| 6:11 pm on Oct 30, 2007 (gmt 0)|
Well, technically you cannot reprint it without permission; why don't you try contacting the publisher of the newspaper and asking permission there.
| 8:01 pm on Oct 30, 2007 (gmt 0)|
Could you copy, paste Wikipedia content?
Would that be legal as long as you link to them?
Would Google penalize you for duplicate content?
| 8:39 pm on Oct 30, 2007 (gmt 0)|
Linking to a site does not give you any exception with copyright ownership.
You can summarize and article and link to the original. You can comment on an article and link to the original.
YOU CANNOT COPY AN ARTICLE OR CONTENT AND JUST GIVE OWNERSHIP. It is their copyright, and therefore they are supposed to have control of where and how it is presented.
Hope that helps,
| 11:40 pm on Oct 31, 2007 (gmt 0)|
|Could you copy, paste Wikipedia content? |
IIRC, Wikipedia is different in that they use some kind of creative commons license. You'd have to read the specific wording of their license to see what you can do legally with their content. Unless you can outrank Wikipedia on the right key word ;) , google isn't likely to give you the credit for the original content.
If the newpaper's local, why don't you phone the author? If he's a staff writer, the paper might hold the copyright instead of him - if it's considered work for hire. That might even be one reason he's not responding.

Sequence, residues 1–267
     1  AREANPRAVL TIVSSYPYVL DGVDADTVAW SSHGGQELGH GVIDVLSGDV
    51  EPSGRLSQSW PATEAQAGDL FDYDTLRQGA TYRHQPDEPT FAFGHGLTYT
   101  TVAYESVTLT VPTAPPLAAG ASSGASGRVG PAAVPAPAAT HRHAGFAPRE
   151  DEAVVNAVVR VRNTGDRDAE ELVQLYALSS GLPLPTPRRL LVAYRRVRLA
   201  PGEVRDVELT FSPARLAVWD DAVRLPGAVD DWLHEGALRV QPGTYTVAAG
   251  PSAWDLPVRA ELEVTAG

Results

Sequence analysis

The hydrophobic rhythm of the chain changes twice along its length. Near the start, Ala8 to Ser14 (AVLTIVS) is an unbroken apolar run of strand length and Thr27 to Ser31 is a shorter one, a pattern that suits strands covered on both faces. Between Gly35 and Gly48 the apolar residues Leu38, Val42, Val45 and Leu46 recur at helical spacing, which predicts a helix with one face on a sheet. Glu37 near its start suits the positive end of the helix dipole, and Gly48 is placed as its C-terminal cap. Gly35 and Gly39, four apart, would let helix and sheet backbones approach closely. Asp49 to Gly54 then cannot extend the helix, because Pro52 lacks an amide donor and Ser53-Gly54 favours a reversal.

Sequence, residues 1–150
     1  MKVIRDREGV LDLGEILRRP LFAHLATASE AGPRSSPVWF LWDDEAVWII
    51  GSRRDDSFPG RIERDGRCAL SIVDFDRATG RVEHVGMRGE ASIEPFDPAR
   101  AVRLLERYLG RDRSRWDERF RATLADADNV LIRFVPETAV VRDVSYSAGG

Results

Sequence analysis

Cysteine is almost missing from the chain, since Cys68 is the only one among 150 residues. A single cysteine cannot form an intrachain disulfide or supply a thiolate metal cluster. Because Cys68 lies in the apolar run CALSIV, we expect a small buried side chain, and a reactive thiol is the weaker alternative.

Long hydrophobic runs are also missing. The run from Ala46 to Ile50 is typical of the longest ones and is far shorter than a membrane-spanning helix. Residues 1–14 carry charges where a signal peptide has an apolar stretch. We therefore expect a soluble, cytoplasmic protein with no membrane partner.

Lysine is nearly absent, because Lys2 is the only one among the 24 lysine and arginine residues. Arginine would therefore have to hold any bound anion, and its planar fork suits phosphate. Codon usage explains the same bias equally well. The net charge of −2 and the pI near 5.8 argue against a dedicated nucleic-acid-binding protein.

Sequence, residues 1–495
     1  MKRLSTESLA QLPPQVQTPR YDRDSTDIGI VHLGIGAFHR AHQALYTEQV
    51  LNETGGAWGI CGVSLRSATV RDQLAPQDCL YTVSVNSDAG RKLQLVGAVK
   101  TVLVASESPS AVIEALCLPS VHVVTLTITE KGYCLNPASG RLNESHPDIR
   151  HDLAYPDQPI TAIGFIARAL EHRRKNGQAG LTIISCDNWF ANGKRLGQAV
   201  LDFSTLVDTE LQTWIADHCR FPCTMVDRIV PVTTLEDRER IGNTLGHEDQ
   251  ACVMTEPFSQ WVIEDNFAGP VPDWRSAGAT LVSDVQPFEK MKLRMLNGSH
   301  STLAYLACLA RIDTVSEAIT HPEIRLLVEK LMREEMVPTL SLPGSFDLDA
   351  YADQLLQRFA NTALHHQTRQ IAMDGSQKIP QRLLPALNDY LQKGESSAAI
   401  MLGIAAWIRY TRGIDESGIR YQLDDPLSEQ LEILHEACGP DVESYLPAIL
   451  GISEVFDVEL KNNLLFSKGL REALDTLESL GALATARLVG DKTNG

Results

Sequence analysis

Someone not saying "no" to your request to use their copy isn't the same thing as someone saying "yes". If the content's worth investing a little of your time, try a contact method other than email; people who don't spend their lives on the computer (like a reporter) sometimes see email as something that can be shrugged off. And, believe it or not, some people don't check their email all that often, especially if they're busy with other things.
| 11:05 am on Nov 1, 2007 (gmt 0)|
No you can't...
You can create a substantially unique derivative work with appropriate citations.
| 2:11 pm on Nov 3, 2007 (gmt 0)|
Or go and try notorious "youtube" approach.
Make your website open, and let a user post all copyright infringed material. When copyright holders complain, you pretend to be as innocent as youtube and immediately delete it. :>
| 9:34 pm on Nov 3, 2007 (gmt 0)|
There is "Fair Use", which doesn't mean that you can copy the whole article, but you can for example copy the first paragraph and link back to the full article on the other site. You do not need any permission for this.
| 7:42 am on Nov 15, 2007 (gmt 0)|
I have worked as a journalist until recently and I can confirm what was said in the beginning: You need explicit permission to put the article on your web site.
I also think that it is quite likely that it is the newspaper and not the author who holds the copyright.
Having said that, 2lame2rank is correct in saying that you could take e.g. the first few sentences of the text and then link to the full text.
| 8:22 pm on Nov 15, 2007 (gmt 0)|
how can it be copyrighted if any one can modify the content?
| 8:31 pm on Nov 15, 2007 (gmt 0)|
Modifying a bit is making it a derivative work, which is still plagiarism and still in violation. Look up fair use: you can quote about 4-5 sentences at the maximum, with appropriate attribution and a link back to the source. That's it, without specific permission from the copyight holder, in writing.